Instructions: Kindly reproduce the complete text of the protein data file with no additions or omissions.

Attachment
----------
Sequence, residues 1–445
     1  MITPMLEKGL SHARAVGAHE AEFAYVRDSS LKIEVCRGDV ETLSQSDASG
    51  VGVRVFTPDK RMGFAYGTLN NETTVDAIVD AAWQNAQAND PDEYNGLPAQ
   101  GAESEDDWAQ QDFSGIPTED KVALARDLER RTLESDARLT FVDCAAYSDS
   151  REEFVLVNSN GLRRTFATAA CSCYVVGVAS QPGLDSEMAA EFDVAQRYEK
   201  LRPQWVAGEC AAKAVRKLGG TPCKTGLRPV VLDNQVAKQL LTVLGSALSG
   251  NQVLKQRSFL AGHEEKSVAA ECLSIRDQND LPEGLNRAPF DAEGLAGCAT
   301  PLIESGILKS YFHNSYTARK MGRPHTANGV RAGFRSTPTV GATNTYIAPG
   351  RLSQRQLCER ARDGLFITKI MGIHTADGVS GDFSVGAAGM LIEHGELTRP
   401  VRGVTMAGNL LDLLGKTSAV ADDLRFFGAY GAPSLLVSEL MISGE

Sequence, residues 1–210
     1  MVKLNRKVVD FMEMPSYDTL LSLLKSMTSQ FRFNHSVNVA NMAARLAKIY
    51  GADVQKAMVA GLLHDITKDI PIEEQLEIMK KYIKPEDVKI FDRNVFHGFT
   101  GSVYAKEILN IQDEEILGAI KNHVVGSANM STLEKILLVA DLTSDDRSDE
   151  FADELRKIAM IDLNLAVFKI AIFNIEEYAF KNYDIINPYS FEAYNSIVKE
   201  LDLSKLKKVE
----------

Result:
Sequence, residues 1–445
     1  MITPMLEKGL SHARAVGAHE AEFAYVRDSS LKIEVCRGDV ETLSQSDASG
    51  VGVRVFTPDK RMGFAYGTLN NETTVDAIVD AAWQNAQAND PDEYNGLPAQ
   101  GAESEDDWAQ QDFSGIPTED KVALARDLER RTLESDARLT FVDCAAYSDS
   151  REEFVLVNSN GLRRTFATAA CSCYVVGVAS QPGLDSEMAA EFDVAQRYEK
   201  LRPQWVAGEC AAKAVRKLGG TPCKTGLRPV VLDNQVAKQL LTVLGSALSG
   251  NQVLKQRSFL AGHEEKSVAA ECLSIRDQND LPEGLNRAPF DAEGLAGCAT
   301  PLIESGILKS YFHNSYTARK MGRPHTANGV RAGFRSTPTV GATNTYIAPG
   351  RLSQRQLCER ARDGLFITKI MGIHTADGVS GDFSVGAAGM LIEHGELTRP
   401  VRGVTMAGNL LDLLGKTSAV ADDLRFFGAY GAPSLLVSEL MISGE

Sequence, residues 1–210
     1  MVKLNRKVVD FMEMPSYDTL LSLLKSMTSQ FRFNHSVNVA NMAARLAKIY
    51  GADVQKAMVA GLLHDITKDI PIEEQLEIMK KYIKPEDVKI FDRNVFHGFT
   101  GSVYAKEILN IQDEEILGAI KNHVVGSANM STLEKILLVA DLTSDDRSDE
   151  FADELRKIAM IDLNLAVFKI AIFNIEEYAF KNYDIINPYS FEAYNSIVKE
   201  LDLSKLKKVE